The action(s) to be take can depend on the type of liquid detected. A chilled-water leak could require a complete shutdown of the system with automatic valves closing. Condensation build-up in an underfloor or overhead area may only require a local investigation and repair with no downtime.
Having identified which systems within a server room or datacentre could present a water or other type of liquid spillage or leak, it is important to ensure that there is effective maintenance in place for them. An annual preventative maintenance visit helps to ensure any critical infrastructure system is operational effective. Filters can be cleaned or replaced, connections checked for torque ratings, cables for ‘wear and tear’ and alarm logs checked. These checks are just some of the functions carried out by an installation engineer and there may be more given the type of equipment being inspected and its age.
In addition, having identified a potential risk, changes to the system design or location may take place to ensure that the risk is reduced and mitigated for. Drip trays for example can be used to ‘catch’ potential spillage and critical IT equipment moved away from overhead problem areas. As important is the need to check that final monitoring system is operating as it should be in terms of sensor operation and alarm distribution.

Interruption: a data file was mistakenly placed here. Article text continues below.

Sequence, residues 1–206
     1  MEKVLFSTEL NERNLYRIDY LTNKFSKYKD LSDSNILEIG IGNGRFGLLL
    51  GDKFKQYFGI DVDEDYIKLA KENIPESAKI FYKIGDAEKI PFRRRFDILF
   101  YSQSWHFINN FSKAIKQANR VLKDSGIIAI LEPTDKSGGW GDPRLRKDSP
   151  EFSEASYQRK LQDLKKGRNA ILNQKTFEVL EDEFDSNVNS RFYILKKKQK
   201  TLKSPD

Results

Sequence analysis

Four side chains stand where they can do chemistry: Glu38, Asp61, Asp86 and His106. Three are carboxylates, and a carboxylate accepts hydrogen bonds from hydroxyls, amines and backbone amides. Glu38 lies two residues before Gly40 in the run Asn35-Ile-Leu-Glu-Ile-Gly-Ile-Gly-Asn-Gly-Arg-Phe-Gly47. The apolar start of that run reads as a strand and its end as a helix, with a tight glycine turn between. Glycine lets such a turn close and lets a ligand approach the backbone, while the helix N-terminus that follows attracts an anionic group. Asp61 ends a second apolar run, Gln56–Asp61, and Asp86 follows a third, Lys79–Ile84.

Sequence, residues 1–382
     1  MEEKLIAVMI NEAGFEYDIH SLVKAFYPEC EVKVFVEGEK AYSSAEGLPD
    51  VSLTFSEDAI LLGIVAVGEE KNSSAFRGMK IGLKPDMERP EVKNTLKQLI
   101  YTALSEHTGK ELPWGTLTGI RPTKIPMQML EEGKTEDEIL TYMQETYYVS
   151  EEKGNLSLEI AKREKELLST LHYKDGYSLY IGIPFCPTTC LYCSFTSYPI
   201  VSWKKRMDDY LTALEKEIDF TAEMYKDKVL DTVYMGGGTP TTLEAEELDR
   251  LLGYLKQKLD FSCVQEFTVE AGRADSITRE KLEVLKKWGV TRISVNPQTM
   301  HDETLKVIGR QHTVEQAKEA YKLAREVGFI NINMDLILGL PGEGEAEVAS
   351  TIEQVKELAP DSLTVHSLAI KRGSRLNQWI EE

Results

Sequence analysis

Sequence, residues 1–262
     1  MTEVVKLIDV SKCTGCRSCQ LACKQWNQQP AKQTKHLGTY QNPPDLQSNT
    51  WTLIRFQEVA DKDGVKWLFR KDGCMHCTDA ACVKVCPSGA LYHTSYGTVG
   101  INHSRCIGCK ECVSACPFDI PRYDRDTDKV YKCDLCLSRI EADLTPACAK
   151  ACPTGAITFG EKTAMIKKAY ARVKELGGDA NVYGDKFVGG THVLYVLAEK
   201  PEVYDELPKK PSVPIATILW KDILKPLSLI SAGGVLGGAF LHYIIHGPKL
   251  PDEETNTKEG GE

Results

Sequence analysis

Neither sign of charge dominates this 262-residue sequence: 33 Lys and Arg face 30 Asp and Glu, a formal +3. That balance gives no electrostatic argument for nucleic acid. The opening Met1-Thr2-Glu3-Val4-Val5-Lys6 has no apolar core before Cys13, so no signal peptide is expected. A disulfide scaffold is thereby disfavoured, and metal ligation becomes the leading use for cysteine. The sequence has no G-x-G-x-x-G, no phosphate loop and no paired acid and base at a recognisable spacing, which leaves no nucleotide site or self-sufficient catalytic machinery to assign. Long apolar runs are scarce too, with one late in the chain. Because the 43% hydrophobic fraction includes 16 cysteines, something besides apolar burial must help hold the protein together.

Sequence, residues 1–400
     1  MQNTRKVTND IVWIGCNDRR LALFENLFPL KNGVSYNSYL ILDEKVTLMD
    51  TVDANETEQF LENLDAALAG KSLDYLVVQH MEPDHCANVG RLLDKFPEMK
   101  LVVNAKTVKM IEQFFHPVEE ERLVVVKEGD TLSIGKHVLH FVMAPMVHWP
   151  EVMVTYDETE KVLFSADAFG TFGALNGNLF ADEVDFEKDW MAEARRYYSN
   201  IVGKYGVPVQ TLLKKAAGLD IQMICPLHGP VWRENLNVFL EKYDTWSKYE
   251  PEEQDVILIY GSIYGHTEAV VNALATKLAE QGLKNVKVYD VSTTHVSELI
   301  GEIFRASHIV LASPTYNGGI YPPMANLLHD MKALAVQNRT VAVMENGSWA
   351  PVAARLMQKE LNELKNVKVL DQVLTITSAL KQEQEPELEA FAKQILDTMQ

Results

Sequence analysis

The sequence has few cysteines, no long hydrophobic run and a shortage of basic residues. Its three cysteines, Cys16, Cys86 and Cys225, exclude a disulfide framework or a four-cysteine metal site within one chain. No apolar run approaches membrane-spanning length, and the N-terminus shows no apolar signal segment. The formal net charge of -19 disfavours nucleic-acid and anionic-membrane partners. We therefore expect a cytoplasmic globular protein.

The most common way to monitor for leakage detection in a server room or datacentre is to install an environment monitoring device. This could be a dedicated one for water leak monitoring or a centralised leakage protection system that can monitor several sensor inputs and zones including water leakage, ambient temperature, humidity, smoke, fire, power, and motion.
Whichever is installed, a key planning aspect is how alarms are to be alerted to a distribution list. Circulation can be via TCP/IP, email, SMS, and SNMP and include local LAN as well as web-based portal monitoring as well as reporting into a centralised building management system (BMS).
Single leakage detection cables come in varying lengths from 2m to 50m or more and can be extended up to 100m or more. A typical cable can detect water or ethylene glycol. Once the cable has detected a leakage it can typically be washed in clean water and/or dried for later reuse. Specialist detection cables may be required for diesel, acid, and other caustic liquids.
Air conditioners and chilled-water cooling systems provide the greatest potential for condensation build-up and leakage in a server room environment. They are not the only source and the risks presented can only be mitigated for by following a comprehensive review, checklist, and risk assessment. Water leakage detection is often overlooked in favour of temperature and humidity monitoring but can pose as great a risk to operational downtime. For security and resilience, a multi-faceted environment monitoring system is recommended that can monitor for temperature, humidity, and leakage.
It is difficult to predict the British weather at the best of times. Over the last year we have seen extreme changes within days, from high temperature heat waves to torrential downpours. For anyone running and IT facilities, these weather patterns create additional demands on local cooling, temperature and humidity level management systems.